Birds of a feather? No, not feather but leather – courageous Tusk about to beat the baby crocodile and the result is below! Well done Tusk!
Tusk also participated in the assembly of C 4.8 my French catamaran built in the early 80’s.
The result I’d say is contrasted in the sense that in my case the marlinspike was preventing from using the shackle key. This is due to the small volumes in which the tool needs to evolve. Had the shackles been oriented with a 90 degree rotation, that limitation would not have appeared.
Here is a demonstration of how the marlinspike limits the rotation: blocked at one point by the top of the hull. Obviously shackle keys that have an outer curve add further difficulty so it’s important that the tool be as thin as possible.
Another similar situation when installing the shackle key that holds the stays, forestay and shrouds to the mast. Again unfortunately the length of the marlinspike hinders the ability to rotate by a wide angle. However what I found really comfortable is Tusk’s ability to deliver power when working with the shackle key; this is due to its length combined with its overall robustness.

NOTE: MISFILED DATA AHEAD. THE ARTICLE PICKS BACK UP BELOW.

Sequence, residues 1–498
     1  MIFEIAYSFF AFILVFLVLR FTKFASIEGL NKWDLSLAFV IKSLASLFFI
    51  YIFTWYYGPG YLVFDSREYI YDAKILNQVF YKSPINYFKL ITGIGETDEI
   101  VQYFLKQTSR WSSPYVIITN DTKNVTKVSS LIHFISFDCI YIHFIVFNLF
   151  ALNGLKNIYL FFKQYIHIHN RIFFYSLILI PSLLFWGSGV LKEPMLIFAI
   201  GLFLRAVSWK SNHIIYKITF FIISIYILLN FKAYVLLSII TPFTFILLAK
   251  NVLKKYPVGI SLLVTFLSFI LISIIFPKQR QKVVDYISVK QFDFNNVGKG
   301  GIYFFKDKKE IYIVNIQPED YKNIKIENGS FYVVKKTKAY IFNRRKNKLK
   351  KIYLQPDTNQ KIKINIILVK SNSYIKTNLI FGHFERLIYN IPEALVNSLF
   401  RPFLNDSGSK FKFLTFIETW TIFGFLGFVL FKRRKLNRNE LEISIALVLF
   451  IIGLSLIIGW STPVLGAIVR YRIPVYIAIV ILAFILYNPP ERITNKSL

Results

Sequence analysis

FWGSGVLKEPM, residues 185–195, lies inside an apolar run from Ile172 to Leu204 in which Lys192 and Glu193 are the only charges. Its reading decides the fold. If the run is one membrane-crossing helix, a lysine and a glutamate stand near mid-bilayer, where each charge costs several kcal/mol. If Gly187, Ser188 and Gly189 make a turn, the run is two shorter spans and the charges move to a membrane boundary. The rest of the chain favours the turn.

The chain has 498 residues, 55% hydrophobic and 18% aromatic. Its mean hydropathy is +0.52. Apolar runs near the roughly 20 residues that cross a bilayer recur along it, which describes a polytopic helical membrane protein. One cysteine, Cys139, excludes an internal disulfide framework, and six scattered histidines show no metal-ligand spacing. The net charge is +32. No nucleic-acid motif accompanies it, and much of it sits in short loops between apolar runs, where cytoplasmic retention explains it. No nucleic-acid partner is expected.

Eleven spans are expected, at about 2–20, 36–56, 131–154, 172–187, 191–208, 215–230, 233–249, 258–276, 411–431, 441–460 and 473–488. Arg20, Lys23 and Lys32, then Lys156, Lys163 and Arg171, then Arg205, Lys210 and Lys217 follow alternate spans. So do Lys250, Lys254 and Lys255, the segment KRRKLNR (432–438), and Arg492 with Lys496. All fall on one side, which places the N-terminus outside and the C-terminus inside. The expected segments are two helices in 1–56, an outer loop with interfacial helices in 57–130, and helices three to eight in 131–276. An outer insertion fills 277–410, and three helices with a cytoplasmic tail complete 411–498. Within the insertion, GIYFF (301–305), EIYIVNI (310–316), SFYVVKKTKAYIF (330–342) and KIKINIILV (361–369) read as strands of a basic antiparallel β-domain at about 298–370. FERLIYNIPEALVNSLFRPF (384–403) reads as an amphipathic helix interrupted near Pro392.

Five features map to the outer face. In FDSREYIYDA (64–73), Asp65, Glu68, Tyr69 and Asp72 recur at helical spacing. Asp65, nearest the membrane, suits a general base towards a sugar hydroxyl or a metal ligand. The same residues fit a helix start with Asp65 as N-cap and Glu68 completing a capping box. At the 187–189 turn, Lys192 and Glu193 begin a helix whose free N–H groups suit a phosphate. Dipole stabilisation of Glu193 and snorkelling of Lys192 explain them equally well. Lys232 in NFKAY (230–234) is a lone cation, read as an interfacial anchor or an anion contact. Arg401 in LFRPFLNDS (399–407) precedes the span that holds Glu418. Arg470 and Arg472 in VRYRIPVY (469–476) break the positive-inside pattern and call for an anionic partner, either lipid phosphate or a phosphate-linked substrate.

So to summarize a long strong tail does not necessarily get to go everywhere! That said, as during the assembly of C 4.8, wind was blowing up to 33 knots the marlinspike eventually had a good effect after putting it in the wind because in the evening we were down by some… knots!
Tusk ne manque pas d’air!
Tusk has been a great knife to test: discrete in the pocket, a beautiful gem that fuels imagination and a strong working tool. I’ll have to test against larger boat!
(Text and Photo Pascal Jaffre.)
Thanks to my friend Nemo I have had a chance to check out the Spyderco C(SB) steel with a full flat grind(ffg). This is my first ffg Ladybug and my first experience of Super Blue steel. Let me tell you what I found!
I have had a Ladybug before. The VG10 model with the saber grind.I did not like how it cut, for my taste it was far to thick at the edge and the back. I ground the bevels flat so now it has a singe bevel grind. It cut much better but I did not use it much.